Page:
NEWARK, NJ — A North Jersey oral and maxillofacial surgeon is in hot water for practicing what the state is calling “hit and run” dentistry that resulted in harm to more than a dozen patients across four counties between 2010 and 2015.
The Board of Dentistry revoked the license of Dr. Andrew Maron, 58, who owned dental practices in Monmouth, Passaic, Hudson and Union counties, and ordered him to pay more than half a million in penalties, costs and restitution to patients, many of whom were low-income, elderly or disabled, according to a press release.
Maron was barred from practicing in 2015 when the state filed allegations of negligence, gross negligence and professional misconduct.
“Dr. Maron placed patients at risk through egregious conduct that violated the most basic tenets of professionalism,” Paul Rodríguez, acting director of the Division of Consumer Affairs, said in the press release. “His disregard for the well-being of his patients makes a mockery of the standards adhered to by those who are privileged to hold a license to practice dentistry.”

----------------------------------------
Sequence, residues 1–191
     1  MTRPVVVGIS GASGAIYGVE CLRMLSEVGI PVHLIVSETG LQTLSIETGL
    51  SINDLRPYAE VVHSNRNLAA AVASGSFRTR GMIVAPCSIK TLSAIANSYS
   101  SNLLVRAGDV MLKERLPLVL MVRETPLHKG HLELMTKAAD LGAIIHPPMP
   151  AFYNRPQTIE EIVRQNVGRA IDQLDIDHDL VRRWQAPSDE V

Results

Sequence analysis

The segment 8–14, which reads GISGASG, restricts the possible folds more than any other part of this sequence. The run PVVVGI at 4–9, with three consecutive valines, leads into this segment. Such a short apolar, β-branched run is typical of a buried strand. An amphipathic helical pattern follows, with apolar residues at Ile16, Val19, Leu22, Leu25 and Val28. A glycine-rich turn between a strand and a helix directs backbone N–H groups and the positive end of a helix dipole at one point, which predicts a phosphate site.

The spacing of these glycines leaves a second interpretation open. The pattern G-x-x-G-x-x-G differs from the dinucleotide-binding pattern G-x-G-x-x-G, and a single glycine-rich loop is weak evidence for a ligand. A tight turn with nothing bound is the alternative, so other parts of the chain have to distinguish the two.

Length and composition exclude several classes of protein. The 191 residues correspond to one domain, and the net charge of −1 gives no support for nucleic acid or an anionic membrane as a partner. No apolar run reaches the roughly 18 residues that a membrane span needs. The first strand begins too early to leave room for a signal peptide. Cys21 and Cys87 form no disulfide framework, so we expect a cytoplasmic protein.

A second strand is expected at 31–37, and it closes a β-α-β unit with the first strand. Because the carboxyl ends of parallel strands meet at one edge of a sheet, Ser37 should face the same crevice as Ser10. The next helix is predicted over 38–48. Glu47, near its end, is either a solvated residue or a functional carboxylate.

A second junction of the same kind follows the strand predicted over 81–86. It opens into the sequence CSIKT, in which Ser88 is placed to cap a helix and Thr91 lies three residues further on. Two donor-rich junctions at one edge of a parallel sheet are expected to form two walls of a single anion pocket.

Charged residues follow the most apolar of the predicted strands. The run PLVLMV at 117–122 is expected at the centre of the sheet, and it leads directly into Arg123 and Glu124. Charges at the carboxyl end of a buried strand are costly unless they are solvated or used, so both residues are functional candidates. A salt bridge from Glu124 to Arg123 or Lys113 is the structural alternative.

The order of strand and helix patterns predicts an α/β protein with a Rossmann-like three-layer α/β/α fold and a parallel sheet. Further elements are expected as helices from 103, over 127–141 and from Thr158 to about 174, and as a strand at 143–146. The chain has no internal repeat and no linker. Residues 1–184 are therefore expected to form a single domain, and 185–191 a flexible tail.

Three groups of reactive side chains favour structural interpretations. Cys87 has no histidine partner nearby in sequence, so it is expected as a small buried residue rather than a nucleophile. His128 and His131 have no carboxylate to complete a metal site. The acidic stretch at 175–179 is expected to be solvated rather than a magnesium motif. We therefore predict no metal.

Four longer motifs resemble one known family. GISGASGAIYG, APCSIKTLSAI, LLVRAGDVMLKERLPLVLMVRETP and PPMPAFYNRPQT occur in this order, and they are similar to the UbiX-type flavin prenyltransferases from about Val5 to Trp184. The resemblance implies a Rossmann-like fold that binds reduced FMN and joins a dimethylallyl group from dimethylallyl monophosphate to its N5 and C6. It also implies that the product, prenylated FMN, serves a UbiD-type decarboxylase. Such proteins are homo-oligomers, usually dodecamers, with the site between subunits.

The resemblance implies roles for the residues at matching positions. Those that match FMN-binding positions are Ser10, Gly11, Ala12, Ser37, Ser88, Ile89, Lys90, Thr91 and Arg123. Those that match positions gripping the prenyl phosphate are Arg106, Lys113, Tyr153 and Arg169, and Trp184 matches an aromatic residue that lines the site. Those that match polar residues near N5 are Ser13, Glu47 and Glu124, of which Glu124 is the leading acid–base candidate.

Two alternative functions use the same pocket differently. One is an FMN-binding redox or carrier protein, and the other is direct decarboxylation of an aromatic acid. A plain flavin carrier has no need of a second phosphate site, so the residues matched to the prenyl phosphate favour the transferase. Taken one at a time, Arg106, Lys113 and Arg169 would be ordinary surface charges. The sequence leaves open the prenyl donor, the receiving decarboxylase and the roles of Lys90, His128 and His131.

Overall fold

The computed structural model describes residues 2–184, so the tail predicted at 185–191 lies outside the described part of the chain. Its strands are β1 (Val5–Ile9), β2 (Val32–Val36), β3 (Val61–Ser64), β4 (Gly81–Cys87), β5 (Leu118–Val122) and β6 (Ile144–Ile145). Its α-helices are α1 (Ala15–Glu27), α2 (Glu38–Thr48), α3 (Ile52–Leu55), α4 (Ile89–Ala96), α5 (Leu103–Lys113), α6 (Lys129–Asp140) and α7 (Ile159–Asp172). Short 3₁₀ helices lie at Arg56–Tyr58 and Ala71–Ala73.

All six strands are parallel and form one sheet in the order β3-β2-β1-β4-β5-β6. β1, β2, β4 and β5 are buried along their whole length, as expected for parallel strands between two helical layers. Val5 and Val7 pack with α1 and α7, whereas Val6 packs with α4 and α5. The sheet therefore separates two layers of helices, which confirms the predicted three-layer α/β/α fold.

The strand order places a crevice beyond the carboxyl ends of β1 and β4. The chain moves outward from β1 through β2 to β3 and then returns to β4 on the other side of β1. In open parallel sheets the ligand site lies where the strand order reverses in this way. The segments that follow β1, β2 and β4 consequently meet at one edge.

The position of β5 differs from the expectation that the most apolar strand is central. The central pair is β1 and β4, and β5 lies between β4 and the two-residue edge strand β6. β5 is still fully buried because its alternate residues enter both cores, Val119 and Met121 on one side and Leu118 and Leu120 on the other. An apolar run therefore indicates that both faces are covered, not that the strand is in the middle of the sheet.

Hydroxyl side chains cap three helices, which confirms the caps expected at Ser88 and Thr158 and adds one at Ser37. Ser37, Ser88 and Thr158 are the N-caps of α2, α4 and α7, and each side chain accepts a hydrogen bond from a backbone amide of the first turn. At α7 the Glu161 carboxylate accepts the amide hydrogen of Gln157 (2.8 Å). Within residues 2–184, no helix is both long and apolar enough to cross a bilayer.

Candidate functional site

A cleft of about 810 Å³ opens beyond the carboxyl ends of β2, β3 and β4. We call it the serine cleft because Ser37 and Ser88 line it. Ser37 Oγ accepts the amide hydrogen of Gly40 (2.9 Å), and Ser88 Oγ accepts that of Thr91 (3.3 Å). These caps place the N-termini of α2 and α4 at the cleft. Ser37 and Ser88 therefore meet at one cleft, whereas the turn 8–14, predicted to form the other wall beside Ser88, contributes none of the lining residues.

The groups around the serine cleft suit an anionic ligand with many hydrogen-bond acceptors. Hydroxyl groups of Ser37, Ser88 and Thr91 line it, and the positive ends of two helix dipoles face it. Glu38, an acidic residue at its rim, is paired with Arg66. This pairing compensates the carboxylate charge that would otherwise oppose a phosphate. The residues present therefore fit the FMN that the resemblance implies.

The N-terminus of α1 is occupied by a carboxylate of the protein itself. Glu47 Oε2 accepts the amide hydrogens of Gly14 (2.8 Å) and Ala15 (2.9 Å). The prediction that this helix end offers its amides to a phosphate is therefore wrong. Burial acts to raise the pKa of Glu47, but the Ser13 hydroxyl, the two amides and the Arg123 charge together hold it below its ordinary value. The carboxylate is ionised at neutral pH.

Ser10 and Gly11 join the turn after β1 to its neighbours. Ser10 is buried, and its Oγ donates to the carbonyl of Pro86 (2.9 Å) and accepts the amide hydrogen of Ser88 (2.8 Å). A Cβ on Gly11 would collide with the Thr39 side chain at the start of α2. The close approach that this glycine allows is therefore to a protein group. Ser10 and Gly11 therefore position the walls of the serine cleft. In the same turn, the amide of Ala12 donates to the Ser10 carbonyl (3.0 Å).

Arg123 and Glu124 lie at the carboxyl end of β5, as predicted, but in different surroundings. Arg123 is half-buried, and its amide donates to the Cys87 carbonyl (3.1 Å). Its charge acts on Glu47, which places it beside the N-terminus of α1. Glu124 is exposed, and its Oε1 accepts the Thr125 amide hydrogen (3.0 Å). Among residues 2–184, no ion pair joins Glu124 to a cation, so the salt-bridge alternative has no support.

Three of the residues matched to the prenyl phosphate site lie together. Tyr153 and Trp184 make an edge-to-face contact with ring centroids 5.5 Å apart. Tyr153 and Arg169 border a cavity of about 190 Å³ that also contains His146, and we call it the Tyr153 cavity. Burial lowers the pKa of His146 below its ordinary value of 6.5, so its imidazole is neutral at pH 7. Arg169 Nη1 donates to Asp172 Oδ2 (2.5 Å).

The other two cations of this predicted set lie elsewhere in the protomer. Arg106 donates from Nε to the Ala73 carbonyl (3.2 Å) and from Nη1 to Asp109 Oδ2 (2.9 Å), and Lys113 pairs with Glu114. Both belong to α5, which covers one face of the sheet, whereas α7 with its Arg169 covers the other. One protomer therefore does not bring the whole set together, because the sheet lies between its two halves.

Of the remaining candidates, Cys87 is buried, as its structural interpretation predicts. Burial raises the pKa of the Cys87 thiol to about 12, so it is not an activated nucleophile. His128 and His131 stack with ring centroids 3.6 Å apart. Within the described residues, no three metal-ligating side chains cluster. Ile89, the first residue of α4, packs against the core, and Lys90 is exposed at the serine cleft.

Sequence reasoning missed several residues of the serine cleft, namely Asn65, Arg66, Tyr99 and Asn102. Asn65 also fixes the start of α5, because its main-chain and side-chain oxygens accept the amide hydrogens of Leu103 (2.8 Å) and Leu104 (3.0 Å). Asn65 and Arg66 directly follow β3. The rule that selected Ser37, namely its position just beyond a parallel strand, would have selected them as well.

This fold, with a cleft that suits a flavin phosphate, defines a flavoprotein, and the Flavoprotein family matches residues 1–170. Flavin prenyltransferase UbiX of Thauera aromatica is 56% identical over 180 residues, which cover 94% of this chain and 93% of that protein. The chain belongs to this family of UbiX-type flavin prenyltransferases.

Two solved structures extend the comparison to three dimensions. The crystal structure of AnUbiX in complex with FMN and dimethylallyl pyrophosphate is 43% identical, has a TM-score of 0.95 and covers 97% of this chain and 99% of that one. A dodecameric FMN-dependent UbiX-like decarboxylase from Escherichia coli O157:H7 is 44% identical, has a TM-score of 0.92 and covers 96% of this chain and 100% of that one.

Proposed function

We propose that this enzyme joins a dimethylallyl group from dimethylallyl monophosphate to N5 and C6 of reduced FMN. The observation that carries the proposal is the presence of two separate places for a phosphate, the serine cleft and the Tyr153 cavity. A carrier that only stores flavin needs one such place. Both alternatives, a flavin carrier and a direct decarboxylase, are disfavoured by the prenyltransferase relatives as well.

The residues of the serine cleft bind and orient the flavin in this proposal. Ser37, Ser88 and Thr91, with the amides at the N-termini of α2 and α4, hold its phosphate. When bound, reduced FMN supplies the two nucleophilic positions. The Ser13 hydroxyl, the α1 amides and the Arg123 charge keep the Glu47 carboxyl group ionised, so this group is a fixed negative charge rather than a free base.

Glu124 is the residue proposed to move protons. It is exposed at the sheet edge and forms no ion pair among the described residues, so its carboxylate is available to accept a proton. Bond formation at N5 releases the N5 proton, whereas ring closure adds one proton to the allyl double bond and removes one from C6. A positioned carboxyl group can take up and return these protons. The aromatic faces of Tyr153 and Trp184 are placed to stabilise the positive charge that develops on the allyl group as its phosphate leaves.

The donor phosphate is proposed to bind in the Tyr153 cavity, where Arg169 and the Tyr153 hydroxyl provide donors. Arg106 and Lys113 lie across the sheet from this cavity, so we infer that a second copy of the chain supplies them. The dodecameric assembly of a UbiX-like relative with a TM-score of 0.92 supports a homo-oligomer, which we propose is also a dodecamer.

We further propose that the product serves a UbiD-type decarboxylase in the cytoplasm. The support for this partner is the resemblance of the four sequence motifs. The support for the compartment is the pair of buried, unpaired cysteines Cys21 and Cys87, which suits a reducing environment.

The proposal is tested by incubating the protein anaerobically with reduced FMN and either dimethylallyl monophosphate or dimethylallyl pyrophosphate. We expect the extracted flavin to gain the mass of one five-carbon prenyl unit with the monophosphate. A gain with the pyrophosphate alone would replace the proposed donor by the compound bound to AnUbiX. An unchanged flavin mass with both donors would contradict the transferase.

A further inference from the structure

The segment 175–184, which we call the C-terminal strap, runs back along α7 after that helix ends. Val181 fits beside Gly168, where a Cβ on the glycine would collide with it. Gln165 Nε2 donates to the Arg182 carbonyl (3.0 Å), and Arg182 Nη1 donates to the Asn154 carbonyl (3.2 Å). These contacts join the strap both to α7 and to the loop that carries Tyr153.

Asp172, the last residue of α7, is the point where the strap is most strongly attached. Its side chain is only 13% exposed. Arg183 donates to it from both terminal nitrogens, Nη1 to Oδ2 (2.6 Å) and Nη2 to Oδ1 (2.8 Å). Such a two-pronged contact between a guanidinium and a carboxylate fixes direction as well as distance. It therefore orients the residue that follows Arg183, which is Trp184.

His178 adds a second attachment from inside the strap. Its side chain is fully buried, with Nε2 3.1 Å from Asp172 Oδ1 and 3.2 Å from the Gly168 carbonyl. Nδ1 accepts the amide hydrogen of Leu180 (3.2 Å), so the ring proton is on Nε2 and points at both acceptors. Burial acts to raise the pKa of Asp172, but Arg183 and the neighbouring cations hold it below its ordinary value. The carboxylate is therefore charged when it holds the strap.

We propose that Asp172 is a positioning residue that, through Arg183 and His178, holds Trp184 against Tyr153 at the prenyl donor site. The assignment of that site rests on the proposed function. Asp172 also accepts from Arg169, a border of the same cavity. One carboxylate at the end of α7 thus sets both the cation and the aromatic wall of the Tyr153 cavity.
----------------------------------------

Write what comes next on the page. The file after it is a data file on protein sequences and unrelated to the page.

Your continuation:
Following the initial decision rendered in May 2019, Judge Susan Scarola found that Maron should pay penalties for each count of malpractice and reimburse patients, totaling $138,000 in civil penalties and $75,041 in payments to 15 patients. More than $300,000 will go to the state’s aggregate costs and attorneys’ fees.
Bringing closure to the state’s case, the Board denounced Maron’s predatory practices, which include ignoring patients’ medical histories, pressuring Medicaid patients into taking CareCredit loans, inaccurate and inflated billing and failing to ensure patient welfare. In total, Scarola ruled that Maron committed multiple counts of nine separate infractions related to negligence and misconduct.
“Most dental practitioners are dedicated to the health and safety of their patients,” said Attorney General Gurbir Grewal. “But revolving-door dentistry that puts practitioners’ financial gain ahead of patient health and safety erodes public trust and undermines the integrity of the entire profession. That’s why it’s important for the Board to take decisive action in cases like this one, and we are pleased that the Board did so.”
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